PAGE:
Wendy Rene “After Laughter Comes Tears: Complete Stax & Volt Singles + Rarities 1964-65" (Light In the Attic LITA 080)
By Pete Nickols
Bar-B-Q; Gone For Good; Your Love Is All I Need (Drapels); After Laughter (Comes Tears); I Wish I Were That Girl; What Will Tomorrow Bring; Wondering (When My Love Is Coming Home) (Drapels); Deep In My Heart; Give You What I Got; Crying All By Myself; Crowded Park; Last Love; Love At First Sight; She’s Moving Away; He Hasn’t Failed Me Yet; Please Don’t Leave (Me) (Drapels); The Same Guy; Young Man (Drapels); Can’t Stay Away; First Kiss; Reap What You Sow; Young And Foolish.
It’s always nice to get an artist’s complete recorded output on one CD even if Wendy Rene’s was limited to these 22 Stax-Volt sides (four cut as part of the Drapels).
Musical content aside, Light In the Attic Records of Seattle have produced a nice package here – a standard-size card-rather-than-jewel CD case with a good booklet of full notes and rare photos stored within it.
Wendy Rene was born Mary Frierson to a father of mixed race who had married a Memphis musician nearly 20 years his junior. Mary had three brothers but it was older brother Johnny with whom she sang at a local COGIC church, the young pair also being motivated by Memphis’ Teen-Town Singers (for whom Carla Thomas had earlier sung). They joined Stax in 1963 along with their friends Marianne Brittenum and Wilbur Mondie as The Drapels quartet, first doing some back-up work. Mary was only 16 then and about to marry a guy in the military. Johnny (17 and a half) had already been doing some touring with the Sunset Travellers and would play guitar on their 1964 recordings of “On Jesus’ Program” and “Another Day Lost”, which featured O.V.Wright on lead-vocals.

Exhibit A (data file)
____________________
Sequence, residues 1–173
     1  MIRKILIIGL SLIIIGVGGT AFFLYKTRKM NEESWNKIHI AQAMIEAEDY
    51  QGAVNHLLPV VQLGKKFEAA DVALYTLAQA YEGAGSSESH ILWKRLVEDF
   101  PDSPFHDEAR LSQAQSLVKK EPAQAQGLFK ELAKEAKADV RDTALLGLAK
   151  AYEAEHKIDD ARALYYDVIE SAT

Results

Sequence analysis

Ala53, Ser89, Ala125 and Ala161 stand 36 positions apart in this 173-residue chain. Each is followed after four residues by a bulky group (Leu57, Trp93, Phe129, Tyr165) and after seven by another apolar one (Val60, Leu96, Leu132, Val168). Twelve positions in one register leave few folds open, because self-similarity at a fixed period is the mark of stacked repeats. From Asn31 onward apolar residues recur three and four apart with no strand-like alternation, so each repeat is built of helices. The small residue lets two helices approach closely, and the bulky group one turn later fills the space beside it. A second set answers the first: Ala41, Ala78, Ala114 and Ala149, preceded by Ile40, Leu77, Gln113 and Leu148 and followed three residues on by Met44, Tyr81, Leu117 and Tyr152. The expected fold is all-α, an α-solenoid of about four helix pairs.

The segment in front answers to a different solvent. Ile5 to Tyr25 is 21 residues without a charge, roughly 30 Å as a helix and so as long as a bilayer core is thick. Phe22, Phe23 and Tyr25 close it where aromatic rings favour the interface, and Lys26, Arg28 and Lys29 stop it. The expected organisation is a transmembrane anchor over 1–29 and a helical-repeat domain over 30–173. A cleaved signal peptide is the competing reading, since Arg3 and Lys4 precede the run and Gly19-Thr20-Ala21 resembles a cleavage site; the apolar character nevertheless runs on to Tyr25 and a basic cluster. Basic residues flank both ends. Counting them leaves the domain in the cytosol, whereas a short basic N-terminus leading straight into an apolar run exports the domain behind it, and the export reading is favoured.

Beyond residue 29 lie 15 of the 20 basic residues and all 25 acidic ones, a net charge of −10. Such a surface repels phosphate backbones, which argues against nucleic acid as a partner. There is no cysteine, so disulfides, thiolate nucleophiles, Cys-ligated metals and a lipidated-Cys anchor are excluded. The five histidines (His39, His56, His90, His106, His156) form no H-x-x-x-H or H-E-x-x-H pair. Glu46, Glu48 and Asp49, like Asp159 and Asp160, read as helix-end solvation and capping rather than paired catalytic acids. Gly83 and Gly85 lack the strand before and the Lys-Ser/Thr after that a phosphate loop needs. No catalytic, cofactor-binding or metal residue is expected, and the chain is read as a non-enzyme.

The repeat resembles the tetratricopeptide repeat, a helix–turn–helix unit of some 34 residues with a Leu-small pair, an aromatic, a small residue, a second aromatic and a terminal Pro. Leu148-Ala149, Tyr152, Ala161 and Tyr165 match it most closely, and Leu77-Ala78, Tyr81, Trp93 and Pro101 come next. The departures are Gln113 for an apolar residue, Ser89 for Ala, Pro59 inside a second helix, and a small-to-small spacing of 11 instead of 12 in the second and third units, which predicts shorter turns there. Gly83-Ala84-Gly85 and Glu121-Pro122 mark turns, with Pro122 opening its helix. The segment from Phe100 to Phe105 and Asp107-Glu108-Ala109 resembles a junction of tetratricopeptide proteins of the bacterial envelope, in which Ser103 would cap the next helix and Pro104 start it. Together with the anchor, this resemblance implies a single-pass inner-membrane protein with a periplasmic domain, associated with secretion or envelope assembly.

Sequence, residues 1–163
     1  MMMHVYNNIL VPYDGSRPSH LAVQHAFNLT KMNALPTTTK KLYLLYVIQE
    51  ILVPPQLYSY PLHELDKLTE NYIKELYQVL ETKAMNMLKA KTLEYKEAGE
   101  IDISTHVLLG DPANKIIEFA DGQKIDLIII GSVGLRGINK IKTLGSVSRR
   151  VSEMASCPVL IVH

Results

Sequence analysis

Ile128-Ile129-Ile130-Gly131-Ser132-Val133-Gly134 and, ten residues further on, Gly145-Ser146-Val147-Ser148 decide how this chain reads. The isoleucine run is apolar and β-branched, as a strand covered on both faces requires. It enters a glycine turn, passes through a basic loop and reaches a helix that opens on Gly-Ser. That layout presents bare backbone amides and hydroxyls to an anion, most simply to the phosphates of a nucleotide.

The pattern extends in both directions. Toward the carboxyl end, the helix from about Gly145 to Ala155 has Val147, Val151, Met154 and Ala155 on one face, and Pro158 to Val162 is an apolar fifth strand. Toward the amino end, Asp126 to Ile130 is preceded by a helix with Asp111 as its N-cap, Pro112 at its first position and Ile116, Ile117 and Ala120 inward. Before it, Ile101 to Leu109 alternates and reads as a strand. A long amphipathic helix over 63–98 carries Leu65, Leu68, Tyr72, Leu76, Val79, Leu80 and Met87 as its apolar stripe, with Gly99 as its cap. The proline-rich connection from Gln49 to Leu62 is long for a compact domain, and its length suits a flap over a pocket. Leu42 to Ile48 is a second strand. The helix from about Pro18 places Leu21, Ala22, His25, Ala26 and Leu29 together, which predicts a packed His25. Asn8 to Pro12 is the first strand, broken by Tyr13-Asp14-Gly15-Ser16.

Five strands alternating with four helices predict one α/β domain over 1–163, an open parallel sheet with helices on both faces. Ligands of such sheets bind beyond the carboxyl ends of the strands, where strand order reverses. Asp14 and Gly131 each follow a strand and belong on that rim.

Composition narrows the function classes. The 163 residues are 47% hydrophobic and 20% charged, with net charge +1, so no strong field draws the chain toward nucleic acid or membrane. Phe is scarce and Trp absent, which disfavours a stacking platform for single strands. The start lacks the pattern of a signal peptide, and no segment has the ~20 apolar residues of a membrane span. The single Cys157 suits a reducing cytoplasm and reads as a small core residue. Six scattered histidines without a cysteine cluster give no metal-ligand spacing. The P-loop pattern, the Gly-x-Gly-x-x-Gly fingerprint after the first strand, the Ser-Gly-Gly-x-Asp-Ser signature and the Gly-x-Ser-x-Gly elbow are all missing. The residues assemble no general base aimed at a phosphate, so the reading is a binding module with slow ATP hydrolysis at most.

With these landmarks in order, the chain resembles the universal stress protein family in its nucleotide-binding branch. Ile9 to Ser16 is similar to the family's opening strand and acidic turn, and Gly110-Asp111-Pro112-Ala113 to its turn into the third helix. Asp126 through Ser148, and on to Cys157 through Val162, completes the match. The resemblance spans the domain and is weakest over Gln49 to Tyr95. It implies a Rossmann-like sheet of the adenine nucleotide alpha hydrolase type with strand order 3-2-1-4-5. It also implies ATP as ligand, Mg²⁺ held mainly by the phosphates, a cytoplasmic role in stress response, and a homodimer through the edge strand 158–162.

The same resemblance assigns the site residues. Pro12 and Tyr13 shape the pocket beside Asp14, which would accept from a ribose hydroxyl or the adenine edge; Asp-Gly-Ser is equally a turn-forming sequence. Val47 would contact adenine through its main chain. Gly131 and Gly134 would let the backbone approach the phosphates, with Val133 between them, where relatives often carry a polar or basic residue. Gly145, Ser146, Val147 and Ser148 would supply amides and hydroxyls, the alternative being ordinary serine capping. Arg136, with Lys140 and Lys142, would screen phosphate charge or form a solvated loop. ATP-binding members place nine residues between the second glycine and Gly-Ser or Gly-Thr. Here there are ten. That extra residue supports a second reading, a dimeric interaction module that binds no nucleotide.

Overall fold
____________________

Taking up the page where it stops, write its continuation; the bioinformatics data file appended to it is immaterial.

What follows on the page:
Stax had decided a new name was needed for Mary and, whilst Deanie Parker’s suggestion of Wendy Storm was rejected, Otis Redding’s contribution of Wendy Rene got the ‘green light’. Wendy did marry her military guy but it didn’t last and soon she would have a new husband, Stax employee James Cross. After her Stax recordings, in December 1967, she was scheduled to join Otis Redding and the Bar-Kays on their ill-fated flight for what she had already decided would be her final live performance; but she backed out at the last minute to stay home with her baby son, Eric. This ‘close call’ no doubt cemented Mary’s desire to concentrate purely on being a full-time wife and mother, the Crosses ending up with five sons and one daughter.
The Drapels’ own career folded as Wendy’s (albeit quite short) solo one began to take precedence. Walter Mondie left both Memphis and the music biz but of course Johnny and Marianne did further session work and also ended up across town at Hi studios, Johnny cutting just one solo session there in December 1967 as James Fry (resulting in 4 sides, two issued, two not) and Marianne becoming Marion Brittnam, who linked up temporarily with Don Bryant to form ‘1+1’. Johnny later worked for a time in the construction industry and sadly passed in June 2010, just before Mary/Wendy made a belated return to musical performance with a gig at New Orleans’ Ponderosa Stomp.